The streets of Baghdad were worlds apart from the Australian countryside, but the bright young teenager was determined to turn his dreams into reality and went on to study agriculture, graduating with an advanced diploma.
But everything was put on hold when he was conscripted into the Iraqi army when the Iran-Iraq war began in 1980.
Mr Latif served in the army for eight years, the full length of the war, and during that time he managed to find time to study English and German.
‘We served in the army because we had no choice. If you don’t go to the army, you go to prison,’ he said.
After the war ended, Mr Latif was in need of work and his friends offered him a job as a goldsmith. He learnt the skills of the trade and six years later, opened his own goldsmith business, where he designed and sold his own jewellery.
For three years, he owned a successful business in Baghdad and during that time met his wife Sausan, with whom he now has three daughters, Shams (20) and twins Fairouz and Venus (13).
When the Iraq War started in 2003, Mr Latif said Baghdad was no longer safe.
‘It was a very nice place, but now it is different,’ he said.
The war resulted in a loss of work and income for many people, which led to crime and violence, Mr Latif said.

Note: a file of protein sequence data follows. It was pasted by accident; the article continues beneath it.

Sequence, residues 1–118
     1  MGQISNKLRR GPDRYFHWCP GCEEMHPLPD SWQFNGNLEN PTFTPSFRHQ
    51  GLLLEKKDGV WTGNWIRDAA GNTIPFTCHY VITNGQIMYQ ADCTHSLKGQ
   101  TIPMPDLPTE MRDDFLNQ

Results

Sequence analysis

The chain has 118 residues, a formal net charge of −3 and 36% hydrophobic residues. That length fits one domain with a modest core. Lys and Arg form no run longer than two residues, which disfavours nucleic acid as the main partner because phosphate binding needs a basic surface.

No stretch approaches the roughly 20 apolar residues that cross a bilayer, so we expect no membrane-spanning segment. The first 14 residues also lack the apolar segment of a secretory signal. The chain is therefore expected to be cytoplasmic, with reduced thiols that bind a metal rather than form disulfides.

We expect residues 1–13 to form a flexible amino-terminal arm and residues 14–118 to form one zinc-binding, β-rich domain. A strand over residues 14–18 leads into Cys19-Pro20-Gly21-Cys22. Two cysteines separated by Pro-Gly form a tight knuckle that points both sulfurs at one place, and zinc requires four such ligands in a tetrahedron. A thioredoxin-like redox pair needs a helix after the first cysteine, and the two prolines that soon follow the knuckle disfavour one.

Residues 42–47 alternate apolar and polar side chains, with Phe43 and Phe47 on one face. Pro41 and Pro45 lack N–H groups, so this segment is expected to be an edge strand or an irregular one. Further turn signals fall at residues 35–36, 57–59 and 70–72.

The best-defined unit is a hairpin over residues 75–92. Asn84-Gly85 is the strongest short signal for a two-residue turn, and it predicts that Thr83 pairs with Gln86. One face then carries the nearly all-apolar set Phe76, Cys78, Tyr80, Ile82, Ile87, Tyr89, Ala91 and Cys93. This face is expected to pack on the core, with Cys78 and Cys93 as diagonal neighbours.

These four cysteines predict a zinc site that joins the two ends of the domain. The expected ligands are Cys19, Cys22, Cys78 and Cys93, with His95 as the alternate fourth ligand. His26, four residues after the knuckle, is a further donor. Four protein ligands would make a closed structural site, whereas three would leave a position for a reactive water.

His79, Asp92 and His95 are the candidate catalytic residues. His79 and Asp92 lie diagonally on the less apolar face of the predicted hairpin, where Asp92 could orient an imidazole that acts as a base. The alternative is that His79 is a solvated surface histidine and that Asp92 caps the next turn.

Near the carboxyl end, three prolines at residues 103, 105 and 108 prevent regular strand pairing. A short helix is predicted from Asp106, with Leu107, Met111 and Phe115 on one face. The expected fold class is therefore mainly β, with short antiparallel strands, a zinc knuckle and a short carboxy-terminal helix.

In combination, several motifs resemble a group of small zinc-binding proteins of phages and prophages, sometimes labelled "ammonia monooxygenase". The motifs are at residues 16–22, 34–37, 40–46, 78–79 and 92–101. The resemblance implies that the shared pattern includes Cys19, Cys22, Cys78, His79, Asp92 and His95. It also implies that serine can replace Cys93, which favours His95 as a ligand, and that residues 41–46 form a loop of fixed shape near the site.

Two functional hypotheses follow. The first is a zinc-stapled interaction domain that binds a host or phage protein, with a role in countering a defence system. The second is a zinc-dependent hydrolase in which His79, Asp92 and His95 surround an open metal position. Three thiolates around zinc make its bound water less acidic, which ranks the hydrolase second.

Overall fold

Civilians were left without water and power and had to rely on generators.
The Latif family fled to Syria in 2006, along with many other Iraqi families.
Mr Latif had odd jobs working in a clothing workshop, which supplemented the UN assistance the family were otherwise reliant on. They spent three years in Syria and during this time Mr Latif applied for an Australian visa.
With the help of his sister, who knew Angela Chaney, the wife of former Australian politician Fred Chaney, and other family members living in Australia, his application was accepted.
Mr Latif managed to make it to Australia with his family in 2009 and they now call Armadale home. He and his wife volunteered for two years, when they first arrived in Australia.
They have both learnt English and Mrs Latif studied community services. She now works as a financial counsellor in Cannington, while Mr Latif works as a security officer.
Daughter Shams is studying chemical engineering at university, while his other two daughters are at high school.
Mr Latif doesn’t have the farm he once wanted, but he is happy with his big garden and enjoys life in Australia.
‘Two dreams came true – I married the girl I loved and moved to Australia,’ he said. Mr Latif and his family received their Australian citizenship on May 29.